I went up to my plot yesterday morning, did a bit of weeding and thinned my autumn raspberries. On the way out of the fruit cage, heading home for lunch, I noticed a branch on one of my gooseberries was almost bare of leaves. It could only mean sawfly, so I set to squashing them. Half an hour I spent, carefully seeking them all out and dispatching them using the totally organic finger and thumb method.
After my lunch, I went back to plant a few salad bits and pieces. Thought I’d give the gooseberries a quick going over in case I’d missed any. We’re talking of about six quite young bushes here. I counted them this time, 95. Unbelievable.
Today I went again, main item on the agenda to plant out my sprouts. That accomplished I went back to the gooseberries and squashed another 211.
The planting of my salad leaves yesterday hadn’t gone entirely to plan; I’d dug through into a mole tunnel halfway along the row. I get mole hills aplenty in the grass paths around the plot but never any within it. Obviously they are there though, munching their way through my worms. I set a trap. By today I hadn’t caught anything.
A couple of days earlier I’d squashed a couple of flea beetles on my newly planted out mizuna. At least I didn’t find any more of them.
My blackcurrants produced a prodigious crop last year. When I pruned them the fruiting shoots had produced very little new growth and I removed almost all of them completely, some to a strong side shoot. This year I have far fewer trusses, with less berries on each. On the other hand, I’ve got a couple more bushes fruiting now, having shoved a few prunings in the ground when I first planted the older bushes.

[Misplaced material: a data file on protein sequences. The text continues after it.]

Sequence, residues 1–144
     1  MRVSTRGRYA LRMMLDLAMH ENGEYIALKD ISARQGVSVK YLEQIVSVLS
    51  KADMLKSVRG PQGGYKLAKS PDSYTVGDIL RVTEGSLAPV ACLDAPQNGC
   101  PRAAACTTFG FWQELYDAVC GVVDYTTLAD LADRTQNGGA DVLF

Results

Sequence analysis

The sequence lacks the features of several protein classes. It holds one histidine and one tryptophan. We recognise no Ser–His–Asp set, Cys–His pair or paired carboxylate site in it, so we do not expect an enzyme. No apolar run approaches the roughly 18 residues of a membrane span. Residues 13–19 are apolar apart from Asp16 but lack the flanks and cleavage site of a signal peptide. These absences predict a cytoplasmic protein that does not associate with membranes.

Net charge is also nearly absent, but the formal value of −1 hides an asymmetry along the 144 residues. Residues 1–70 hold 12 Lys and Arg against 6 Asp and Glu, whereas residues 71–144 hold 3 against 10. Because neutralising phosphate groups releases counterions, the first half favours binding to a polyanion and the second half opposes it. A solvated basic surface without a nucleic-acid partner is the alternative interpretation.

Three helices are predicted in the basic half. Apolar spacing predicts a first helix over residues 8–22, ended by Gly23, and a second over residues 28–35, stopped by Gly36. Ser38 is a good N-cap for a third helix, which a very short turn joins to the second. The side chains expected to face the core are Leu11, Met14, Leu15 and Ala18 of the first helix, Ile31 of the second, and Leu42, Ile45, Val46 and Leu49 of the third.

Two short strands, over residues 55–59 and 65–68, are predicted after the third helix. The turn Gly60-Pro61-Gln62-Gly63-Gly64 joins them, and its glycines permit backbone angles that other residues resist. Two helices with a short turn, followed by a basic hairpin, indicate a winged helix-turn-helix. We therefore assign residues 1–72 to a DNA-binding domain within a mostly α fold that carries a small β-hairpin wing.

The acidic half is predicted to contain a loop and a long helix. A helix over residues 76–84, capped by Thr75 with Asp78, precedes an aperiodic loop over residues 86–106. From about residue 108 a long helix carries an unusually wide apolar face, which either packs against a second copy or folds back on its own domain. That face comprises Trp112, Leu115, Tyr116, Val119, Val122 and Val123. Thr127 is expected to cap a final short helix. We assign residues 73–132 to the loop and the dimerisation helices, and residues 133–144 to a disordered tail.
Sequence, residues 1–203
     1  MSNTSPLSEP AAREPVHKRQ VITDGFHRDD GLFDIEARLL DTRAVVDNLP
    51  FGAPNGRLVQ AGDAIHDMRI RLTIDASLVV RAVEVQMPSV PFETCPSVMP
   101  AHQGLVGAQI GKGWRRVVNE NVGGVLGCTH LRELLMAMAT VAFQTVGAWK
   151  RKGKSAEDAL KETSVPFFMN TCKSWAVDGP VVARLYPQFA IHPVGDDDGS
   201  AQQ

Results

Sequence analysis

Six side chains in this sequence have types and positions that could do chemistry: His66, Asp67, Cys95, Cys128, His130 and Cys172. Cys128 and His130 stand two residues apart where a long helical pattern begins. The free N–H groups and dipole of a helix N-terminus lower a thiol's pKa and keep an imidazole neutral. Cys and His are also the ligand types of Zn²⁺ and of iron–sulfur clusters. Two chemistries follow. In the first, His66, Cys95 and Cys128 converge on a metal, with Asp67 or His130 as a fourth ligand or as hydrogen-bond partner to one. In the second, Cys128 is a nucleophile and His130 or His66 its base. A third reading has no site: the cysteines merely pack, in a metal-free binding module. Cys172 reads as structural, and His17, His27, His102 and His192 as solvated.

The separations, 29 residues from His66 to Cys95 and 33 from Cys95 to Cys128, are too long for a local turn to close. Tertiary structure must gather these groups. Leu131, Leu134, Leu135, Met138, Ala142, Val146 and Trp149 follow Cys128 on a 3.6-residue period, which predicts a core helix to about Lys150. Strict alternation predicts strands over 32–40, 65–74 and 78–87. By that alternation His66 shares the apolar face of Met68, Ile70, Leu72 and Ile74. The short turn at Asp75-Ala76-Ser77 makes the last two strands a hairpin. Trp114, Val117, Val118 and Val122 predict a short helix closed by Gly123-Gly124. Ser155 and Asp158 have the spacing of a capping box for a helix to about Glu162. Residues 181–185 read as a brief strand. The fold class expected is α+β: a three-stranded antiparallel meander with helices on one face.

There were a few shoot tips with curled up leaves which shouted out that there were aphids within. There were, there are no longer. I didn’t spray them either, in case you’re wondering. If I can keep the numbers low, they will get parasitized naturally and disappear.
My other plot has young camellia bushes on it, a temporary arrangement that is gradually morphing into something more permanent. I put mypex down between the rows, which has provide a perfect habitat for voles who are showing their gratitude by gnawing through the bark of the camellias. I either remove the mypex and deal with the resultant vegetation, or deal with the voles.
It does seem an uphill struggle at times, this growing malarkey.